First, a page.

Supreme Court Refuses To Entertain Petition Challenging Validity Of Section 15 JJ Act; Liberty Granted To Approach HC


Chambers of Ishaan Garg

Ch. No. 217, Western Wing, District & Sessions Court, Tis Hazari, New Delhi, Delhi 110054

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The Supreme Court bench on Monday (January 8) dismissed a petition challenging the constitutionality of S.15 of the Juvenile Justice Act, 2015 (JJ Act) which provided for a preliminary assessment of Juveniles above the age of 16, charged with heinous crimes.

Refusing to entertain the petition, the bench comprising Chief Justice, DY Chandrachud and Justices JB Pardiwala and Manoj Misra however granted the petitioners the liberty to pursue their remedy under Article 226 before the Delhi High Court.

The advocate contended that through the petition they endeavoured to challenge certain retrogressive amendments to the JJ Act “which is leading to a dilution of the entire Juvenile Justice System in India”.

As per the main prayer, the petition sought the issuance of a writ of certiorari or any other writ or directions to strike down the amending provisions, or the misinterpretation and non-applications of the JJ Act along with the 2021 Amendment Act on the grounds of being violative of Articles 14,15,16,21,23 and 24 of the Constitution with respect to the juveniles .

When asked by the CJI why the High Court was not approached for this, the Petitioners contended that they were dealing with a broader range of issues including the contradictory interpretations given by 9 High Courts on the application of S. 438 of CrPC to the Juvenile Justice cases.

The bench observed that on a similar issue, a petition is already pending before the bench headed by Justice Hrishikesh Roy. The counsel added that the present petition also challenges the constitutionality of Preliminary assessment under S.15 of the JJ Act, a ground which has not been raised before any court so far.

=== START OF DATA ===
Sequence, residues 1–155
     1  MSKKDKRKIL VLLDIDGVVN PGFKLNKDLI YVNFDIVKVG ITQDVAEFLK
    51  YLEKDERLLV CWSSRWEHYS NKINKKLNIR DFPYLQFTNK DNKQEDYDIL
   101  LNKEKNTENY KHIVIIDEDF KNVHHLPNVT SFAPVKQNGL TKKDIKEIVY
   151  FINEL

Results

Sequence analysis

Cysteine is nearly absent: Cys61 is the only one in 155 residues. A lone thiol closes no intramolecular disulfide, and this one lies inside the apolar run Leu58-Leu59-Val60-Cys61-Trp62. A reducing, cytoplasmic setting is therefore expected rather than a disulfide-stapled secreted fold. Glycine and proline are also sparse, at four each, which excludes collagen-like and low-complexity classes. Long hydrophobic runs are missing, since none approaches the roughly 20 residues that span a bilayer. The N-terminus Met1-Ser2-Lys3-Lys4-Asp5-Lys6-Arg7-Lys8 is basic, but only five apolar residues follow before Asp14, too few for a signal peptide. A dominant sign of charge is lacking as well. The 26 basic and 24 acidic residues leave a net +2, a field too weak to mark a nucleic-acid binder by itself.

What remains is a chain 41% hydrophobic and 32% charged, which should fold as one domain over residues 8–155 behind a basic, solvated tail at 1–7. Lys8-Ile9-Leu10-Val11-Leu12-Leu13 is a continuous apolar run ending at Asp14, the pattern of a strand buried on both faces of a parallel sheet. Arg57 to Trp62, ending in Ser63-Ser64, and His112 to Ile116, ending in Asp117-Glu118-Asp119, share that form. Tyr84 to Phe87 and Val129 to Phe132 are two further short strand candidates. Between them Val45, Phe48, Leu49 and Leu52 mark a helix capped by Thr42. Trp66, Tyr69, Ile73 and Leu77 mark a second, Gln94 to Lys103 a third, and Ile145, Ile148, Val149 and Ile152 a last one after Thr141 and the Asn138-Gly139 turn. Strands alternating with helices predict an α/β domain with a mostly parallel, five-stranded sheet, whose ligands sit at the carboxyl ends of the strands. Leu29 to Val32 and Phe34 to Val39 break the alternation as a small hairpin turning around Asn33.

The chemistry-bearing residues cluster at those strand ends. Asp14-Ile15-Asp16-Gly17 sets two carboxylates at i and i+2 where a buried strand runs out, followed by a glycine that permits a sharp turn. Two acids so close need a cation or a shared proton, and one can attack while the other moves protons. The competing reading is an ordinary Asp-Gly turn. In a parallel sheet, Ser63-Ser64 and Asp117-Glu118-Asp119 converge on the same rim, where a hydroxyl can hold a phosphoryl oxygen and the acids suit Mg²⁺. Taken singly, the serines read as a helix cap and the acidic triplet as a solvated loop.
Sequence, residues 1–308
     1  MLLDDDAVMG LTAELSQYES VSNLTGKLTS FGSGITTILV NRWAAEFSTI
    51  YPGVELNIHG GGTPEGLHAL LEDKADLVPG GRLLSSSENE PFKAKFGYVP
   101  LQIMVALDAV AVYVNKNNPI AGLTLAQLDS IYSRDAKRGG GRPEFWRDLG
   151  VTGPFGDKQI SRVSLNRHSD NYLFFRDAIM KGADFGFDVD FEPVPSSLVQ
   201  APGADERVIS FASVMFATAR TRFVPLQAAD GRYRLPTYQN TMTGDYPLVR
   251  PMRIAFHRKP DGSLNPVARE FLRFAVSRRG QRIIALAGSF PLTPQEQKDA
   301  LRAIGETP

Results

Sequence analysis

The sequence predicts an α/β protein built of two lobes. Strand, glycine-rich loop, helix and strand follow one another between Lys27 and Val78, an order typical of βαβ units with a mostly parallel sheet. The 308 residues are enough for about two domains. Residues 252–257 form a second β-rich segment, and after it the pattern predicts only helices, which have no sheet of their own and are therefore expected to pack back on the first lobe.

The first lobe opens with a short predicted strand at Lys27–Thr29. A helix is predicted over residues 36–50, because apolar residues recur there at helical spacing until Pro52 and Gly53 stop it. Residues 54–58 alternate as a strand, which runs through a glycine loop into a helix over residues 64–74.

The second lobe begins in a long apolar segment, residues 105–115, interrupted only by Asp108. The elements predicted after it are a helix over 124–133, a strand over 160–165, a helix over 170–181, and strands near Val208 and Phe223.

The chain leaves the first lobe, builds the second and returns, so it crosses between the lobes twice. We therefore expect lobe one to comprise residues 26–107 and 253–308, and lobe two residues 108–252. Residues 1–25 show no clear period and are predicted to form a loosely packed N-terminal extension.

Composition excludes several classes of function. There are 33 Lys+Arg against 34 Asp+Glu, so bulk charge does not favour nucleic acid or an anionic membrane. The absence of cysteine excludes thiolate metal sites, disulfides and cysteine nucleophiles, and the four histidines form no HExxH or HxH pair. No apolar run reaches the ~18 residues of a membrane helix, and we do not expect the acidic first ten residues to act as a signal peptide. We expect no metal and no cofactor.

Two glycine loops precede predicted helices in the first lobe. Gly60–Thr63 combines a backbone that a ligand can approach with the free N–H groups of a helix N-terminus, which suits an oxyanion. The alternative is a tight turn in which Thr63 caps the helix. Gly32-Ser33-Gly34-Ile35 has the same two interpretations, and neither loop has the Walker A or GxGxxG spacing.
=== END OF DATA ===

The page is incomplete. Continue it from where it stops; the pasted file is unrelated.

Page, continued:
The CJI verbally remarked, “ You can have the benefit of the Delhi High Court's judgement if you go to the High Court and get a judgement. We can allow you to file a petition before the Delhi High Court to challenge this under Article 226…let the High Court give you judgment, you can come here if something remains in the petition.”

The Court, observing that the petitioners can avail their efficacious remedy under Article 226 before the High Court, dismissed the same.

Juvenile Justice Act 2015," dated April 2023, outlines the specifics of concluding the Preliminary Assessment. It includes instructions regarding the completion of the Final report of the Preliminary Assessment, transferring the trial, preparing the Special Investigation Report, Social Background Report, Individual Care Plan, and Witnesses Report. These reports are mandated to be submitted by the Child Welfare Police Officer (CWPO) in accordance with the provisions outlined in the Juvenile Justice Act.

However, none of these documents, despite being pivotal for proceedings (not trial, as the Juvenile Justice Act doesn't include trial procedures, including those related to Preliminary Assessment), meet the criteria for submission as evidence according to the Criminal Procedure Code of 1973 and the Evidence Act of 1872.

Further, it was stressed that as per Rule 10 A (4) of the JJ Model rules 2016 wherein the child is given the order copy under S.15, the child, being below 18 years and not legally recognized as an adult, lacks the legal capacity to sign a 'Vakaltnama,' engage a lawyer, or participate in any legal agreement. Consequently, they are unable to take independent action upon receiving this report.

“ In effect, the child is thus denied the opportunity to defend himself /herself denying the olive branch of law of natural justice and the rule of law procedure available to the adults, i.e., those above the age of 18 years.”

Moreover since the CCL in the age group of 16 to 18 years are treated differently from the other children under the juvenile justice regime under the JJ Act, 2015 without any reasonable basis, there occurs a blatant violation of the Fundamental Right to equality for juveniles or CCL above the age of 16 years.

The other as aspects which the petition covered included amendments of 2021 which assigned the District magistrate with additional powers to deal with child protection and adoption, thereby contending that such a change in law was devoid of considering the fact that the magistrate didnt have the same requisite skills as those engaged in the expert field of child protection.

Previously, the Supreme Court in a PIL seeking the simplification of adoption procedures in the country, directed the Secretary in charge of nodal departments responsible for the implementation of the JJ Act in all States to carry out bi-monthly identification drives to identify children who were orphaned, abandoned, or surrendered so that such children could enter the loop of adoption in India.

Case Details : PRAYAS JUVENILE AID CENTRE (JAC) SOCIETY vs. UNION OF INDIA W.P.(C) No. 001444 - / 2023 (2024 SC)